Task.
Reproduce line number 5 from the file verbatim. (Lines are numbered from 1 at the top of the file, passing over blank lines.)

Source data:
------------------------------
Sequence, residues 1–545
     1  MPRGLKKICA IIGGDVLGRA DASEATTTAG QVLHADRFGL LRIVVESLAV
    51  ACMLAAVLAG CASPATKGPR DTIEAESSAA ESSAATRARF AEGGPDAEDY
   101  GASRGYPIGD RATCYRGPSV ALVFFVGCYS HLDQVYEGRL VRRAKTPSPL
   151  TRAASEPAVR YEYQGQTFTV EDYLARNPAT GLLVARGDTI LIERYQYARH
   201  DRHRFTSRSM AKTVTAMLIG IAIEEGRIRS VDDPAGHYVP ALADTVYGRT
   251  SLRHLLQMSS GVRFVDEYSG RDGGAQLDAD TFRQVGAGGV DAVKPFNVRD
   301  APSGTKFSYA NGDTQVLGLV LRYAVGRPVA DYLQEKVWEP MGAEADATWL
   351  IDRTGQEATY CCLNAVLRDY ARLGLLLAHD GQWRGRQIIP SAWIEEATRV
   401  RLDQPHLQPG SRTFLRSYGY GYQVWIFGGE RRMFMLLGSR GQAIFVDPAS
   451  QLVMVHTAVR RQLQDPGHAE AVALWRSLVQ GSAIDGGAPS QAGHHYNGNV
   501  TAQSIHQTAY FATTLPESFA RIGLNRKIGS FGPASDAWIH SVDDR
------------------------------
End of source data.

   151  TRAASEPAVR YEYQGQTFTV EDYLARNPAT GLLVARGDTI LIERYQYARH